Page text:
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·1 min· is a great tool for enforcing a writing style in your documents.

My setup follows the one described in Writing like a pro with vale & Neovim, (albeit with my preferred LunarVim).

Once you’ve got Vale up and running, both it and Neovim spell checking will complain about the same things. Technical terms often appear as false positives, so the zg shortcut is handy. (zg adds the word under the cursor as a good word to your spellfile.) However still complains about the spelling you just whitelisted:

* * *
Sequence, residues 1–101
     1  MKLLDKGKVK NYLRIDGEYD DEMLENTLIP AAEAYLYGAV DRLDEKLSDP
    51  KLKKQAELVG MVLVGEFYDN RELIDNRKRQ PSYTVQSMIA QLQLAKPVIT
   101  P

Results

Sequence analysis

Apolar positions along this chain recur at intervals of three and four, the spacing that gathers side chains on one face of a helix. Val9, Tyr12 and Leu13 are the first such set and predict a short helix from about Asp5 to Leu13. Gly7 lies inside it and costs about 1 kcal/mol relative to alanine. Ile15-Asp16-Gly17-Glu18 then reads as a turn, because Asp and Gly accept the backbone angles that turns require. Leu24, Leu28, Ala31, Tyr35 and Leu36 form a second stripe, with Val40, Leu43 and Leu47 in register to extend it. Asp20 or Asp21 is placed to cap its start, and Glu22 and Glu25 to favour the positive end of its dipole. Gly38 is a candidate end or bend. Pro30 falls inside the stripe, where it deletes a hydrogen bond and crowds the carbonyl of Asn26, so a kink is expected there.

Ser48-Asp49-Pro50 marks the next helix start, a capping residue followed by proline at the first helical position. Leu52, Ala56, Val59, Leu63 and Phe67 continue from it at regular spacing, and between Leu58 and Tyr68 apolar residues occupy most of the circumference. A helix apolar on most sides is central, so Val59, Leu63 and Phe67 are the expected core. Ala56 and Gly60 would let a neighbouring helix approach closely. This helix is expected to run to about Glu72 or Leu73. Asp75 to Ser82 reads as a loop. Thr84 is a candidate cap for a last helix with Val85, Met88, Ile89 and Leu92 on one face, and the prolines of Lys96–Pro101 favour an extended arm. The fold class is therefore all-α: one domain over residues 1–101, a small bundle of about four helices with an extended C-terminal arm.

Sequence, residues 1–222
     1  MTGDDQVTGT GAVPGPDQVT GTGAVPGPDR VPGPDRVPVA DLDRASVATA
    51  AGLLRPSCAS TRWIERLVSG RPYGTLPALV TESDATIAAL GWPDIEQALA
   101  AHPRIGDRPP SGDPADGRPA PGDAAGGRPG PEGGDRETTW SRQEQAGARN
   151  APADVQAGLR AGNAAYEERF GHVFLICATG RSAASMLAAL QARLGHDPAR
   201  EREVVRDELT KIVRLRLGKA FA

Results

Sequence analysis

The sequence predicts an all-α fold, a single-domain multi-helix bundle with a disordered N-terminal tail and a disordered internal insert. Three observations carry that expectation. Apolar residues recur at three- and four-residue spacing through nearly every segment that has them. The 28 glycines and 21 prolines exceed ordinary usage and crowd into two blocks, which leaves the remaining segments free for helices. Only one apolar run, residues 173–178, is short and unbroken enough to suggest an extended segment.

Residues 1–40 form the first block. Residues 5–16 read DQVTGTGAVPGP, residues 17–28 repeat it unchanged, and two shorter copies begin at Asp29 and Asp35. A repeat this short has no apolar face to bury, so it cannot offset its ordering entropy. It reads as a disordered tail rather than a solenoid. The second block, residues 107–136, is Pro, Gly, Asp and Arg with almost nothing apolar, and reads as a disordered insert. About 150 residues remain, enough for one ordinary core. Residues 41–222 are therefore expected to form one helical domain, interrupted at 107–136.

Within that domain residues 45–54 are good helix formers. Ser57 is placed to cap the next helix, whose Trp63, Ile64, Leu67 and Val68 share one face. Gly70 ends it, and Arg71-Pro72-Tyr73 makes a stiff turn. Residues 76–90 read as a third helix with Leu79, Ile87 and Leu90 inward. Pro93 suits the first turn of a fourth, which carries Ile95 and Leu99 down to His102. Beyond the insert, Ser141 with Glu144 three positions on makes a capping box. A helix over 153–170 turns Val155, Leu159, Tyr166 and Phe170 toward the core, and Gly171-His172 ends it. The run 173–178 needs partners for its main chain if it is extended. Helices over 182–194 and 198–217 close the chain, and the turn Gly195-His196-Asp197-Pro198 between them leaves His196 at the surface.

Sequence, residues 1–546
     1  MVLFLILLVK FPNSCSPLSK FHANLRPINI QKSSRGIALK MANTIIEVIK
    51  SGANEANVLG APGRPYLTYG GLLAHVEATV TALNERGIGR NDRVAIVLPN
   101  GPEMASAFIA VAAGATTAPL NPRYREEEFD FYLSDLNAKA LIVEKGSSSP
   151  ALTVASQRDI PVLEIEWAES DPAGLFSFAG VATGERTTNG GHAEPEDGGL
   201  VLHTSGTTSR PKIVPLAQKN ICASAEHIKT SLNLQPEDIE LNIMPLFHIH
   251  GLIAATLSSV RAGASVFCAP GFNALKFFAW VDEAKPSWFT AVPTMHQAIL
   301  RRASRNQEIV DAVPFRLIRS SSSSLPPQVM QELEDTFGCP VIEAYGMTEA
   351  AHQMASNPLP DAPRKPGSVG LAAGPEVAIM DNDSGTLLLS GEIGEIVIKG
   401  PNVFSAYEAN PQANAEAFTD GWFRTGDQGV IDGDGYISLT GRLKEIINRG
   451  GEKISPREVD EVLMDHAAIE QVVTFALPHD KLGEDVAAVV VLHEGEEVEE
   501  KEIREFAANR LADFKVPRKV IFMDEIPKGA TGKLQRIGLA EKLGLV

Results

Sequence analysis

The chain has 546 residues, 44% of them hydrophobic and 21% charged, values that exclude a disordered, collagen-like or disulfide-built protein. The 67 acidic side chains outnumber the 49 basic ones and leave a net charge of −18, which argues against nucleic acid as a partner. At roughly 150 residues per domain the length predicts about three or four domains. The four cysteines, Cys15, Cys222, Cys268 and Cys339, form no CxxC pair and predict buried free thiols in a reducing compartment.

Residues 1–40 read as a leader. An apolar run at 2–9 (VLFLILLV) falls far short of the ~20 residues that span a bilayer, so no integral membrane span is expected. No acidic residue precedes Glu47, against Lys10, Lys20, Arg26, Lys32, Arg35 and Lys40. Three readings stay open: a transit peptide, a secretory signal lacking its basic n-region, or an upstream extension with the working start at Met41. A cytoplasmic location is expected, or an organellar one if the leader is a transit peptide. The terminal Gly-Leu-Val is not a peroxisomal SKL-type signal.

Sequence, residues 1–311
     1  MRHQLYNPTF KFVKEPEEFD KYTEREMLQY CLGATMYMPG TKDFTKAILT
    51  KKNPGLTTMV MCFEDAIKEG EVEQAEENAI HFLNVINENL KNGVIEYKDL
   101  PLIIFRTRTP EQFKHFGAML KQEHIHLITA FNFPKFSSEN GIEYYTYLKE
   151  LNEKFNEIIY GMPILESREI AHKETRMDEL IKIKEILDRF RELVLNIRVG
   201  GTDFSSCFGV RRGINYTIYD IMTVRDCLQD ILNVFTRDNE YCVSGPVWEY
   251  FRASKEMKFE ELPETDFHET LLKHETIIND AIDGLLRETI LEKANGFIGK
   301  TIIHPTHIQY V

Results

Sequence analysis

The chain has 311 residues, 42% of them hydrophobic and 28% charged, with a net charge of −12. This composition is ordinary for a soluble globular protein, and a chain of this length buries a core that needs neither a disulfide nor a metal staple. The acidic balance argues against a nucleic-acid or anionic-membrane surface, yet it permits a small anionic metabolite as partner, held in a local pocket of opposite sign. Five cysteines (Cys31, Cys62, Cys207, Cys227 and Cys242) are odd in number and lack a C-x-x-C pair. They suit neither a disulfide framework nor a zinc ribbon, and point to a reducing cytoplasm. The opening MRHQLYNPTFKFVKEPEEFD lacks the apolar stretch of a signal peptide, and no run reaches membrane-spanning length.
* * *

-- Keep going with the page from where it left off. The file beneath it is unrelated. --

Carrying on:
  Did you really mean 'blargh'? vale (Vale.Spelling) [17, 139]

A neat workaround is to link Vale Vocabularies accept.txt to your vim spellfile.

First, set up a Vale Vocab folder

mkdir -p styles/Vocab/Blog/

And configure Vale to use it

diff --git a/.vale.ini b/.vale.ini
index 636f9f3..db22387 100644
--- a/.vale.ini
+++ b/.vale.ini
@@ -4,6 +4,8 @@ MinAlertLevel = suggestion

 Packages = Microsoft, proselint, Hugo

+Vocab = Blog
 BasedOnStyles = Vale, Microsoft, proselint

Then symlink the Vale accept.txt, for example

% ln -s ~/.config/lvim/spell/en.utf-8.add styles/Vocab/Blog/accept.txt
% ll styles/Vocab/Blog/accept.txt
lrwxrwxrwx 1 g g 39 Nov 12 17:51 styles/Vocab/Blog/accept.txt -> /home/g/.config/lvim/spell/en.utf-8.add

Now if you mark a word as ‘good’ in Neovim, Vale will accept it too.